Entities which can collide with other entities or environments (such as terrain in a platformer) can have their ImplementsICollidable property set. Setting this property to true simplifies writing collision code and makes your code more resistant to changes made to collision objects in Glue.
For more information on the ICollidable interface as defined in FlatRedBall, see the ICollidable page.
For more information on colliding Entities and using ImplementsICollidable, see this page.
Assuming that you are dealing with instances of entities which implement ICollidable, you can call CollideAgainst, CollideAgainstMove, and CollideAgainstBounce between them regardless of the shapes that they use for collision. The benefit of this is that you no longer have to explicitly access the collision objects in an Entity – you can write the code the same regardless of the shape type, and you do not have to change your code if you end up changing your shape objects in Glue.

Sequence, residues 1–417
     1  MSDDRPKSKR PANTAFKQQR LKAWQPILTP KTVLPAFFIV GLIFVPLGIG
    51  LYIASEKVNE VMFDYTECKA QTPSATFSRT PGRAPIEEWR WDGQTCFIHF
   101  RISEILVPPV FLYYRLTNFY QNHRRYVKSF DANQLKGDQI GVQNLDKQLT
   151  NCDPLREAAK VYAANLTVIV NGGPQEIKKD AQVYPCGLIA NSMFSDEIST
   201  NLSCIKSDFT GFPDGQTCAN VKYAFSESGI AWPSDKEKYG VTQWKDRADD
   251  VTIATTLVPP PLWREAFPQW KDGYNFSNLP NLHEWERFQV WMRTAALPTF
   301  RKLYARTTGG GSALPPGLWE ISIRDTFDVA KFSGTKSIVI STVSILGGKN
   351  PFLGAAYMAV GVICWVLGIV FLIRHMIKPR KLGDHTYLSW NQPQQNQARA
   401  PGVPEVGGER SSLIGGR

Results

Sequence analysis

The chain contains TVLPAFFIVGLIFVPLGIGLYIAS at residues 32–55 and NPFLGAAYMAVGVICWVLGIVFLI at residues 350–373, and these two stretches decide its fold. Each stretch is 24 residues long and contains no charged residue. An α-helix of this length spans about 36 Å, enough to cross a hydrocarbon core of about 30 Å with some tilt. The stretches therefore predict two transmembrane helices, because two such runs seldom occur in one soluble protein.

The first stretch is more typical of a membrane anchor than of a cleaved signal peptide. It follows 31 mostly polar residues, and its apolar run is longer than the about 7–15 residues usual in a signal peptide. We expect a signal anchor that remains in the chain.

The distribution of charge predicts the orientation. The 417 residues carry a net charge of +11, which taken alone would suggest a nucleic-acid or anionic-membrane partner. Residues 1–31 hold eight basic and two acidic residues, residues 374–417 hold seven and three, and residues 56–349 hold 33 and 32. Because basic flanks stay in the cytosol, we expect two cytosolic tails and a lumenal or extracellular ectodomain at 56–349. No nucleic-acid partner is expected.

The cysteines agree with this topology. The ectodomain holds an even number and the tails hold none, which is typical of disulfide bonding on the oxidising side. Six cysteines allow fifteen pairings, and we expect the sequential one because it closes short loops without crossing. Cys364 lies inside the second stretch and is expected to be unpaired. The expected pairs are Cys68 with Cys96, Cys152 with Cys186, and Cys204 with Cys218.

CollideAgainst is useful when you only need to detect if two things are touching, but the objects do not need to be re-positioned in response to the collision.
For example, the following code shows how to perform collision between a ship and a list of enemy bullets:
foreach(var bullet in EnemyBullets)
CollideAgainstMove can be used to collide two objects, and re-position them according to their masses, as shown in the following code:
float firstMass = 1;
float secondMass = 1;
FirstBallInstance.CollideAgainstMove(SecondBallInstance, firstMass, secondMass);
Notice that the code above did not have to access the specific shape(s) in FirstBallInstance or SecondBallInstance to perform the collision.